Wild West Roadtrip

This blog post is dedicated to Ned, with whom I spent this unforgettable month of adventuring through California, Nevada, Utah and Arizona. He is also the creator of these wonderful photographs!

Before beginning our journey we had rented a car that was converted into a camper-van with a bed, sink, cool box and gas cooker. This is a very convenient and fun way to explore the west coast. http://www.lostcampersusa.com

Here is an interactive map of the entire tour:

We started our trip in Berkeley and headed to Salt Lake City. On the way the roads became snowy and icy and we were warned of a snow blizzard that was coming up in Tahoe and would block the highway for the next few days. So we quickly passed the mountains and entered Nevada – except for Las Vegas this state is basically just desert. We spent our first night sleeping in our car in the remote city of Winnemucca. During this long drive we had our first realization of how humongous the United States is with its straight roads that disappear into the far horizon.

Salt Lake City, the capital of Utah and of the Mormon Church was transformed into a peaceful winter wonderland. Together with my friends, from the Ihouse in Berkeley, we celebrated a cosy white Christmas in a house that we had rented. Here we went for a wonderful hike through the deep, deep snow – the fluffiest snow we have ever laid eyes on. Ned and I were sleeping in our car in Salt Lake City where the temperature at night dropped to -12 degrees Celsius.

However, the temperature in Salt Lake City was nothing compared to the night we arrived in Bryce, with its proud -19 degrees Celsius. Wearing thick socks, curled up tightly and covered by layers of blankets we survived the coldest night of our entire trip. After peeking through the curtains and the frozen windows we discovered the beauty of the Bryce Canyon National Park. We hiked through the so-called ‘hoodos’, which are pillars of rocks that were shaped by erosion. Standing at the rim of the canyon, we gazed at the contrast of the soft white snow covering the bright orange rocks and the various layers of eroded rock. Bryce canyon is a very unique place with lots of wonderful hikes and unmissable viewpoints.

We left Bryce to drive to Springdale, where we stayed in the Watchman campground, nominated as one of America’s 21 most beautiful campsites. We arrived at night and only in the morning light did we realise in what a beautiful location we had slept. To me Zion National Park seems to be ‘Cowboy and Native American land’ – it is evident that ancient native people and pioneers wondered across this land. It is a high canyon with majestic orange and red sandstone cliffs. During the summer a shuttle bus takes you through the road of the canyon, whereas in winter we had the freedom of driving to all the spots in our own car. We headed up to a peak named ‘Angel’s Landing’, the trail began along the Virgin River and then steadily elevated in height. The last part of the trail is on a steep and narrow ridge with support chains. Unfortunately, we did not reach the top because we did not have any crampons for the icy and extremely slipper conditions – and if you take one bad step, you will never make a step again. Nonetheless, we still enjoyed the beautiful view right into the canyon and then completed the overlook trail where you got an awe-inspiring view of the massive cliffs – WOW.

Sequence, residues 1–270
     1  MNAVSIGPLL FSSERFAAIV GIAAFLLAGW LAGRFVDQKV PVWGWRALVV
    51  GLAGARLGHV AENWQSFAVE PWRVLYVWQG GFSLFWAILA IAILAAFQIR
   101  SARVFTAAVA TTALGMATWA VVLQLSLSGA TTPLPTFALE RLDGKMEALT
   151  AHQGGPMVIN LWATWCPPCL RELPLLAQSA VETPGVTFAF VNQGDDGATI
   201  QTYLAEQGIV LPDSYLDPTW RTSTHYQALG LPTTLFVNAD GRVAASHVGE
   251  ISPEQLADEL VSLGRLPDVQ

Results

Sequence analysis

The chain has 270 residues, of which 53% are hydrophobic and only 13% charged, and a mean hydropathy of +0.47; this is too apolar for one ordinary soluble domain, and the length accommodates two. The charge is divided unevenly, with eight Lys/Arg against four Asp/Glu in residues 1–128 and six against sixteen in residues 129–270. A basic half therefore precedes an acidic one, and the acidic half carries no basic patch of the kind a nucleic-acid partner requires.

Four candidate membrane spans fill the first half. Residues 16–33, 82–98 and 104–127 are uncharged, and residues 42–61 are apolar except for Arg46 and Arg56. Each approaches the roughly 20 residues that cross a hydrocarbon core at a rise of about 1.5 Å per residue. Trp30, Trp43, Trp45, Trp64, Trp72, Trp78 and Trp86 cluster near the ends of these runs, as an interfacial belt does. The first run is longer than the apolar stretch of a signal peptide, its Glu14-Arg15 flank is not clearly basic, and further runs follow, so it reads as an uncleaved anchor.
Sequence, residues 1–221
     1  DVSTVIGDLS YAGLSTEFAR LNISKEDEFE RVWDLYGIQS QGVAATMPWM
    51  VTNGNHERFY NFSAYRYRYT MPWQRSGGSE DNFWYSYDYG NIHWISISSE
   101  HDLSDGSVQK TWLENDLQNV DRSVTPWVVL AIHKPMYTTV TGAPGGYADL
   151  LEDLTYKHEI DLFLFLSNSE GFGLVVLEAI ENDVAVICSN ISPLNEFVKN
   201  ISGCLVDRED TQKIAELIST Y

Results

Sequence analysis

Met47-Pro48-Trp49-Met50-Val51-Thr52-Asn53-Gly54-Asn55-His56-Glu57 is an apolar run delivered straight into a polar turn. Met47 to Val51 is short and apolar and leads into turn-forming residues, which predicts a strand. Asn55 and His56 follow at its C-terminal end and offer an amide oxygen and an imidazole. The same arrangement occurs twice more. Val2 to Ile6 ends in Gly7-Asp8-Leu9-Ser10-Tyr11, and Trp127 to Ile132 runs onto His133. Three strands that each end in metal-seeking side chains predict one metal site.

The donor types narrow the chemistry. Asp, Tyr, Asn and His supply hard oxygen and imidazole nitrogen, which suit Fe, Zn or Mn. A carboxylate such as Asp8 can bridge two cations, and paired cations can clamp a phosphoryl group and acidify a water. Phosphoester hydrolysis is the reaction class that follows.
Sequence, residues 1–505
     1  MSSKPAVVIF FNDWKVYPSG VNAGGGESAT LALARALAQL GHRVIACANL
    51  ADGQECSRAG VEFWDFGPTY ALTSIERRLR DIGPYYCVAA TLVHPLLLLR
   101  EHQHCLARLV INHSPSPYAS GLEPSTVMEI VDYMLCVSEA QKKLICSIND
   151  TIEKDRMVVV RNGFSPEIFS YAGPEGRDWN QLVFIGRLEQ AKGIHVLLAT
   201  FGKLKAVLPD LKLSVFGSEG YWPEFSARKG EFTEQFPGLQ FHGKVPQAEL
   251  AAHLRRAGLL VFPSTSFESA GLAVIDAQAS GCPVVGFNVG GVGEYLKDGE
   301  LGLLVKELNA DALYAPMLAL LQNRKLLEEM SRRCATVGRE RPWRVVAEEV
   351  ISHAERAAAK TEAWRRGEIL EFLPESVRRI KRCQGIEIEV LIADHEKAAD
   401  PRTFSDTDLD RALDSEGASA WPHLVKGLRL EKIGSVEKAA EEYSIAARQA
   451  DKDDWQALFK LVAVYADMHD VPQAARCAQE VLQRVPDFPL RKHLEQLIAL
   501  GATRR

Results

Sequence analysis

On the road from Utah to Arizona the landscape slowly begins to look more and more like the Wild West and like the Grand Canyon. We spent the night in the overflow area of the campsite (they are usually cheaper!) in Page and indulged in a typical American meal at Taco Bell. We woke up early to see the early sunrays hit the ‘Horseshoe bend’, a famous lookout point of a horseshoe shaped curve of the Colorado River. We had reserved a tour to visit the Antelope Canyon, located on Navajo (native American) land. We visited the upper Antelope Canyon, a narrow slot canyon, named by the Navajo people as ‘the place where water runs through rocks’. We walked at the bottom of this 40m deep canyon, through the smooth, colourful and curvy rocks, which are lit up by single light beams that peak through the crack at the top of the canyon. Antelope Canyon has become a very popular location for photographers as well as sightseers. As a result, Ned and I were a bit overwhelmed by the mass tourism of this place and the natural beauty was a little ruined due to the many people that were crammed in this slit between the rocks.

From this narrow slit canyon we made our way to the majestic Grand Canyon. During the winter months there is only access to the south rim of the Grand Canyon, where we stayed at the Mather campground. We started off the next day by hiking down into the canyon to look up and later walked along the rim to look down into the canyon. As the name suggests, this canyon is massive, 446km long and 29km wide. It is a scenic view due to the depth, different layers of rocks and emerging colours. However, we found it difficult to fully appreciate the Grand Canyon because the view did not change much during our hike, as the scenery is just so large.